Introduction: Immunoassays targeting different SARS-CoV-2-specific antibodies are employed for seroprevalence studies. The degree of variability between immunoassays targeting anti-nucleocapsid (anti-NP;the majority) vs the potentially neutralising anti-spike antibodies (including anti-receptor-binding domain;anti-RBD), particularly in mild or asymptomatic disease, remains unclear. Aims We aimed to explore variability in anti-NP and anti-RBD antibody detectability following mild symptomatic or asymptomatic SARS-CoV-2 infection and analyse antibody response for correlation with symptomatology. Methods A multicentre prospective cross-sectional study was undertaken (April-July 2020). Paired serum samples were tested for anti-NP and anti-RBD IgG antibodies and reactivity expressed as binding ratios (BR). Multivariate linear regression was performed analysing age, sex, time since onset, symptomatology, anti-NP and anti-RBD antibody BR. Results We included 906 adults. Antibody results (793/906;87.5%;95% confidence interval: 85.2-89.6) and BR strongly correlated (p = 0.75). PCR-confirmed cases were more frequently identified by anti-RBD (129/130) than anti-NP (123/130). Anti-RBD testing identified 83 of 325 (25.5%) cases otherwise reported as negative for anti-NP. Anti-NP presence (+1.75/unit increase;p < 0.001), fever ( 38..C;+1.81;p < 0.001) or anosmia (+1.91;p < 0.001) were significantly associated with increased anti-RBD BR. Age (p = 0.85), sex (p = 0.28) and cough (p = 0.35) were not. When time since symptom onset was considered, we did not observe a significant change in anti-RBD BR (p = 0.95) but did note decreasing anti-NP BR (p < 0.001). Conclusion SARS-CoV-2 anti-RBD IgG showed significant correlation with anti-NP IgG for absolute seroconversion and BR. Higher BR were seen in symptomatic individuals, particularly those with fever. Inter-assay variability (12.5%) was evident and raises considerations for optimising seroprevalence testing strategies/studies.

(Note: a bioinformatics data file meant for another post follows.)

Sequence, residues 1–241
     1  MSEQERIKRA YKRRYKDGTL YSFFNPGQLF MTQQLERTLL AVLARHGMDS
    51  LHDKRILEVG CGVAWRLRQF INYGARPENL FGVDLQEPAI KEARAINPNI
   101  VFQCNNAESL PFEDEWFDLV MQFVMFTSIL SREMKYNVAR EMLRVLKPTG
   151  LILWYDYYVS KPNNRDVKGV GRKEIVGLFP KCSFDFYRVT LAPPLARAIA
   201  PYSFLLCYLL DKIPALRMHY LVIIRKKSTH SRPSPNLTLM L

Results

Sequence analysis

7.
European Business Review ; 2021.
Article in English | Scopus | ID: covidwho-1105081

ABSTRACT